Communications and Media
Mailing letters and postcards from Mexico is neither cheap nor necessarily reliable. Delivery times vary greatly, and letters get “lost” somewhat more than postcards. Letters (under 20 grams) and postcards cost US$1 to the United States and Canada; US$1.20 to South America; and US$1.35 to the rest of the world.
Ladatel—Mexico’s national phone company—maintains good public phones all over the peninsula and country. Plastic phone cards with little chips in them are sold at most minimarts and supermarkets in 30-, 50-, 100-, and 200-peso denominations. Ask for a tarjeta Ladatel—they are the size and stiffness of a credit card, as opposed to the thin cards used for cell phones. Insert the card into the phone, and the amount on the card is displayed on the screen. Rates and dialing instructions are inside the phone cabin. At the time of research, rates were US$0.10 a minute for local calls, US$0.40 a minute for national calls, and US$0.50 a minute for calls to the United States and Canada.
Note that calling a cell phone, even a local one, costs the same as a domestic long-distance telephone call (US$0.40/minute).
A number of Internet cafés offer inexpensive Web-based phone service like Skype, especially in the larger cities where broadband connections make this sort of calling possible. Rates tend to be significantly lower than those of Ladatel, and you don’t have to worry about your card running out.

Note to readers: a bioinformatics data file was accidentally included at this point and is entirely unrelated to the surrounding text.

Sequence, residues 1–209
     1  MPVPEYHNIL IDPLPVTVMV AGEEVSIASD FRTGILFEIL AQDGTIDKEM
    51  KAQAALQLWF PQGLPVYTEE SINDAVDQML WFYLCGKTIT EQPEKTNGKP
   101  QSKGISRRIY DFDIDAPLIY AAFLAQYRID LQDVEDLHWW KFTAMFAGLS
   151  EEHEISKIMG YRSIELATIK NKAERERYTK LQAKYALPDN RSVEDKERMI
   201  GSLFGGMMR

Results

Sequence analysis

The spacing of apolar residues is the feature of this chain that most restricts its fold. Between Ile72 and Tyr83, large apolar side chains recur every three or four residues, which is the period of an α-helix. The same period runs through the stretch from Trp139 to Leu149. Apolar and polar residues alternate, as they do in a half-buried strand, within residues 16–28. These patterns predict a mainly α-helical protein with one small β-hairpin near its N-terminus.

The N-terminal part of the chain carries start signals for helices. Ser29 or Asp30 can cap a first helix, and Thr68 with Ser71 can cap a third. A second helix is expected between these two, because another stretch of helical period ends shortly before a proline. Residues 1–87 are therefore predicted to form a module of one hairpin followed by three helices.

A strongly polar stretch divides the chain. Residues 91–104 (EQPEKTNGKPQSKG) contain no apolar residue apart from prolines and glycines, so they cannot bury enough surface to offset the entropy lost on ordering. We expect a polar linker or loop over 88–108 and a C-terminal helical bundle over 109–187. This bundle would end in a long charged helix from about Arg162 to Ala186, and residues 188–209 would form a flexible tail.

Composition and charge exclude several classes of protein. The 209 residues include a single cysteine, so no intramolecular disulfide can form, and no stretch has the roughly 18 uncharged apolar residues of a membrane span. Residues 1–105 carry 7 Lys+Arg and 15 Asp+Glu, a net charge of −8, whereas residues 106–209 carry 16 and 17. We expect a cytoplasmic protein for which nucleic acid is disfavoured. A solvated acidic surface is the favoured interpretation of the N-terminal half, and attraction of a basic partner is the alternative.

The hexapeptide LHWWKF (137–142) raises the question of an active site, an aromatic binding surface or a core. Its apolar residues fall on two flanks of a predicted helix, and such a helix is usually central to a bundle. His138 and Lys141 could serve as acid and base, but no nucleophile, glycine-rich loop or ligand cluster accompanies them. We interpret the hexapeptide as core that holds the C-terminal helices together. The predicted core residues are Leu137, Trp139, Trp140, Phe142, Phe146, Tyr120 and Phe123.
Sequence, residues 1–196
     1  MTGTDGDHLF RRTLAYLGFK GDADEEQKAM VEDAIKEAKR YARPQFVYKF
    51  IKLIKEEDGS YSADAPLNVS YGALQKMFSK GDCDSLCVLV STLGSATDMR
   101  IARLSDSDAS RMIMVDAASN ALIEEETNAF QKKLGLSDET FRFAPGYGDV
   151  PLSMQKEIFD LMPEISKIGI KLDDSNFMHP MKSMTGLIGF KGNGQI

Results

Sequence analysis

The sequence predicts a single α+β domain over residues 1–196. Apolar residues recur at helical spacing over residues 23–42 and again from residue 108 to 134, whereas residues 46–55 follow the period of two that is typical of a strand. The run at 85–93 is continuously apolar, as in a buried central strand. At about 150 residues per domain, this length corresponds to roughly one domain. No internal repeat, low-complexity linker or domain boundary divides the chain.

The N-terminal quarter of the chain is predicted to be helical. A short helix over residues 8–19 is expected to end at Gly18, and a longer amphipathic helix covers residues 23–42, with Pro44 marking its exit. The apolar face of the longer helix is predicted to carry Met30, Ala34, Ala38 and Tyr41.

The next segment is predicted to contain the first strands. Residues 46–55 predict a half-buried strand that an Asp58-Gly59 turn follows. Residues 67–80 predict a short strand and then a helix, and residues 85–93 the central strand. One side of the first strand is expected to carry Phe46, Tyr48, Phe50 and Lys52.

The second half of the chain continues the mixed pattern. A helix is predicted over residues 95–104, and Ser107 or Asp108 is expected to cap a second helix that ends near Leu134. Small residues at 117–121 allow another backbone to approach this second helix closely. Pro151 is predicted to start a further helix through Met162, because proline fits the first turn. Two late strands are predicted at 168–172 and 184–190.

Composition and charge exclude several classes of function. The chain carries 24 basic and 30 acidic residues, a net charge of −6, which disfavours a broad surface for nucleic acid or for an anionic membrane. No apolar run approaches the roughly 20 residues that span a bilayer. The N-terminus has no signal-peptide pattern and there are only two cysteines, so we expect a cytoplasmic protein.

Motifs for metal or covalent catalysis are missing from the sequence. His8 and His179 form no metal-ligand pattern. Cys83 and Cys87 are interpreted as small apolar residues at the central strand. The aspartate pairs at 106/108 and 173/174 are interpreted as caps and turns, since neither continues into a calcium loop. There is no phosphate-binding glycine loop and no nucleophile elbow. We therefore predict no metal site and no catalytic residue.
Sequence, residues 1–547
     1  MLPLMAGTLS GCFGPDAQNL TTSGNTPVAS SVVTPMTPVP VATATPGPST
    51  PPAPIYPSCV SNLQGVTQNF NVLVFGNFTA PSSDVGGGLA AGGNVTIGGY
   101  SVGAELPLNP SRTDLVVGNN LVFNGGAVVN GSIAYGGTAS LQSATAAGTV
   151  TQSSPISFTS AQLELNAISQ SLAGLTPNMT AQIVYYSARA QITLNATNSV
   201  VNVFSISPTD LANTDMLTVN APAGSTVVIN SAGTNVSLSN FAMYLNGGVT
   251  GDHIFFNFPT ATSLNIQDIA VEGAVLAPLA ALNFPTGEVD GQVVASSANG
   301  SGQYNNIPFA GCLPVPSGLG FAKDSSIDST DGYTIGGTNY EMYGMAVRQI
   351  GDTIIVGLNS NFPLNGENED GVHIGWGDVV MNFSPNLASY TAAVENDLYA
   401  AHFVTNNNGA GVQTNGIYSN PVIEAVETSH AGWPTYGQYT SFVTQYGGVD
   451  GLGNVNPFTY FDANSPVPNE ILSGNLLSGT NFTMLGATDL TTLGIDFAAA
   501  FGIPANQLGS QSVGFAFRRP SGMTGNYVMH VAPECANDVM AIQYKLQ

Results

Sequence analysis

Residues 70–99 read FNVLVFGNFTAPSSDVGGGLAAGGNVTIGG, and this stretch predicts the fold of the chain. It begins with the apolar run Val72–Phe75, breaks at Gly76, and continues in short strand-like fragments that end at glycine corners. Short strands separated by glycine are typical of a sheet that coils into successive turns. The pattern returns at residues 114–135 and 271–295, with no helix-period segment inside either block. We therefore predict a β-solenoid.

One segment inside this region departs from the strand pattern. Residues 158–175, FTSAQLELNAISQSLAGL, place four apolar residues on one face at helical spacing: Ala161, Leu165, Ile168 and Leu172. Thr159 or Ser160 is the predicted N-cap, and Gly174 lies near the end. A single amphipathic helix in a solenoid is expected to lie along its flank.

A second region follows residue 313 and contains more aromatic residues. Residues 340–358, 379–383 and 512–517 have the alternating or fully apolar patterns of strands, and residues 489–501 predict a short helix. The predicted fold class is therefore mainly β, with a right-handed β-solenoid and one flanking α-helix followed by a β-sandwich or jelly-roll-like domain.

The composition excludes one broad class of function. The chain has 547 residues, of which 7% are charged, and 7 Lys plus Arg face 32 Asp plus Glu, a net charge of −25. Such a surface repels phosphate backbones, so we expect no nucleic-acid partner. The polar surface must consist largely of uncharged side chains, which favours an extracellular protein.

If you’ve got an unlocked GSM cell phone, you can purchase a local SIM card for around US$15, including US$5–10 credit, for use during your trip. Calls are expensive, but text messaging is relatively cheap, including to the United States; having two local phones/chips can be especially useful for couples or families traveling together.
Beware of phones offering “free” collect or credit card calls; far from being free, their rates are outrageous.
Internet cafés can be found in virtually every town in the Yucatán Peninsula. Most charge around US$1 per hour, though prices can be much higher in malls and heavily touristed areas. Most places also will burn digital photos onto a CD or DVD—they typically sell blank discs, but travelers should bring their own USB cable.
Wireless Internet is also becoming popular at all levels of hotels; if you need to stay connected while you’re on the road and you’re willing to travel with a laptop, it’s easy—and free—to access the Internet.
The most popular daily newspapers in the Yucatán Peninsula are El Diario de Yucatán, Novedades Quintana Roo, and Voz del Caribe. The main national newspapers are also readily available, including Reforma, La Prensa, and La Jornada. For news in English, you’ll find the Miami Herald Cancún Edition in Cancún and occasionally in Playa del Carmen and Isla Cozumel.
Radio and Television
Most large hotels and a number of midsize and small ones have cable or satellite TV, which usually includes CNN (though sometimes in Spanish only), MTV, and other U.S. channels. AM and FM radio options are surprisingly bland—you’re more likely to find a good rock en español station in California than you are in the Yucatán.
© Gary Chandler & Liza Prado from Moon Yucatán Peninsula, 9th edition